PVD Coating Preparation Guide

PVD Process Preparation

Preparation Guides


The preparation of the substrate for PVD prior to PVD coating is critical to the final performance of the coated product in the field. Improper polishing, grinding or preservation can lead to poor adhesion or premature failure of the coating. When preparing the substrate for PVD coating there are some general considerations to keep in mind:

  1. All surfaces should be oiled lightly with water-soluble oil. This prevents rusting and will preserve the integrity of the surface. Choose an oil that will not dry or leave a residue on the surface of the product. Some oils are designed to coat the surface and leave a protective layer on the surface. This layer can remain after the cleaning of the product and cause poor adhesion.
  2. No prior surface treatments should be applied to the surface of the product prior to PVD coating. Wet bath platings, black oxide and nitriding are examples of surface treatments that can cause adhesion problems with the PVD coatings.
  3. Proper polishing techniques should be followed when preparing the surface for PVD coating. Polishing compounds that contain silicone should not be used when preparing the surface for PVD coating. When a polishing compound containing silicone is used, a residue of silicone is left on the surface and will cause adhesion problems.
  4. Care should be taken when grit blasting the substrate. Glass beads should be avoided when possible. If glass beads are used the nozzle pressure should be less than 30 psi.
  5. When grinding the surface care should be taken not to generate excessive heat. If excessive heat is generated during grinding it can lead to stress cracks developing in the substrate's surface or anneal the surface leaving soft spots. When excessive heat is generated while grinding high speed steel, the substrate can be annealed or the grinding burn that is left on the surface can cause adhesion problems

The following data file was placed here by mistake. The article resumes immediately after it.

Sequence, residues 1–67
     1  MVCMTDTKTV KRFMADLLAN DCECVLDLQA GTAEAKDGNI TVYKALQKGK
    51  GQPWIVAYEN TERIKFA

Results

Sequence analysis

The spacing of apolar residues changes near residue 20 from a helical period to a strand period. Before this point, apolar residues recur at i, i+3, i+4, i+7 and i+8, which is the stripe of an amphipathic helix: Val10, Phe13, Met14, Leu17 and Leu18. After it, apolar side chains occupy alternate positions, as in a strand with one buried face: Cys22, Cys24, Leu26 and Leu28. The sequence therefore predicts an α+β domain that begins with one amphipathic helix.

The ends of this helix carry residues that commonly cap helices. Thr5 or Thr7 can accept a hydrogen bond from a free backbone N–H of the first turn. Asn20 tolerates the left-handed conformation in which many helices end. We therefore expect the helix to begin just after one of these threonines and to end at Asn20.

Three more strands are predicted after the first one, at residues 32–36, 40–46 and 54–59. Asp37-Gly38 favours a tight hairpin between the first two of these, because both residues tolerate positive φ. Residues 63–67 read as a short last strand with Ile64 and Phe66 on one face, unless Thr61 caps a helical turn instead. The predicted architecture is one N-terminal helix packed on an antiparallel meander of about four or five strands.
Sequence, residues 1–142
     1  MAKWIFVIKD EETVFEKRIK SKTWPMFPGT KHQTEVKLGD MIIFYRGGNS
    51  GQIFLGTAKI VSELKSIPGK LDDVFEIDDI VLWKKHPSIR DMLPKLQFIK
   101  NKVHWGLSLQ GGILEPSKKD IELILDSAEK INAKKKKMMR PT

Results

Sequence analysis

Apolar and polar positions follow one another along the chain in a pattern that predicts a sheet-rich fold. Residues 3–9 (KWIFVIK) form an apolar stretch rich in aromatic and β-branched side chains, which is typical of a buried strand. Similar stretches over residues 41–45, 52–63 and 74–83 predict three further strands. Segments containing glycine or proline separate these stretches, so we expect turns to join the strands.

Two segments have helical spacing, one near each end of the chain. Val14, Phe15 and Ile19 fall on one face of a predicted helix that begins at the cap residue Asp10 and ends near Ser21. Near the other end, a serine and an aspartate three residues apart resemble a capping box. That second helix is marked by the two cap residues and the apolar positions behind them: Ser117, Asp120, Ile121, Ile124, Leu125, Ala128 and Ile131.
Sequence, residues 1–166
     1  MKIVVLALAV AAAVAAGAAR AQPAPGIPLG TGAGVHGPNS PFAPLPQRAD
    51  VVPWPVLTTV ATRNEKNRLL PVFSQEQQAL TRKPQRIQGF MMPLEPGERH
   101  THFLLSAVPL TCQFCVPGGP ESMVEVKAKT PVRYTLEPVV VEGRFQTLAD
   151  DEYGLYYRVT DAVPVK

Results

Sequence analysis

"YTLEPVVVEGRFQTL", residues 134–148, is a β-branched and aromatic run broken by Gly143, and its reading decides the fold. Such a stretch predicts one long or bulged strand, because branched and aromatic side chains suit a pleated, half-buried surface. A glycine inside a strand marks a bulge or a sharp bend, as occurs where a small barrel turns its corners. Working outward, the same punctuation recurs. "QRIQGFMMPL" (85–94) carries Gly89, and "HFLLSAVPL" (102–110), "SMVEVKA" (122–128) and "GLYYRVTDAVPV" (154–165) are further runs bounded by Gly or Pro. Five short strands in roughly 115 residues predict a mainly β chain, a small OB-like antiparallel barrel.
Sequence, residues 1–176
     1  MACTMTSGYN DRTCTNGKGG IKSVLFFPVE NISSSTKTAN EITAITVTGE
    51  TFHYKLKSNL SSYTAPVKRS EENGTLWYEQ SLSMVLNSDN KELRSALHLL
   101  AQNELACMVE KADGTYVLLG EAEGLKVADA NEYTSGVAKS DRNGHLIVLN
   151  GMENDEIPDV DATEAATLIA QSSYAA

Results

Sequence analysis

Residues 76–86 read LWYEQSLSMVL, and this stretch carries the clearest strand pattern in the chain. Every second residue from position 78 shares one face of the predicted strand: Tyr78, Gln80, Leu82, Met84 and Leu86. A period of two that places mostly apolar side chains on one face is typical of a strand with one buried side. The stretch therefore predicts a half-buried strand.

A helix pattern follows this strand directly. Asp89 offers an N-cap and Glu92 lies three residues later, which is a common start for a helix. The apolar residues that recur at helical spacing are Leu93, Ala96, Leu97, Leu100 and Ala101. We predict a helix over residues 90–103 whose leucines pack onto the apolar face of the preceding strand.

6. All burrs should be removed prior to the product being coated. A burr that has been left on the surface will be coated and when it is removed in the field will leave a void in the coated surface leading to a premature failure.
  7. Product should be heat-treated at least 50 degrees Fahrenheit higher than the PVD processing temperature. NCT offers a high temperature and a low temperature coating process to accommodate a variety of substrates.
  8. Product that is joined by brazing should be joined with a high temperature brazing compound. The compound should be free of cadmium and zinc. The cadmium and zinc will begin to evaporate at very low temperatures during the deposition process. This can lead to voids in the brazed joint and , in some cases, cause poor adhesion of the coating. Contact NCT if you need a recommendation for a brazing compound.
  9. The surface integrity is very important to the products overall performance. If a carbide substrate experiences cobalt leaching during the preparation steps the coating will not perform up to the required standard. If water based coolants are used, the leaching of the cobalt binder is possible. Many factors can lead to the leaching of the cobalt from the carbide substrate. The chlorine in the water, the PH level of the water, the rust inhibitors added to the coolant and even the water pu- rity if not monitored can leach the cobalt binder. The temperature of the coolant can also play a role. As the temperature of the coolant increases, the attack of the cobalt binder increases. Proper handling of the product is also critical. Parts that require multiple grinding operations must be cleaned from any residual coolant in between each step.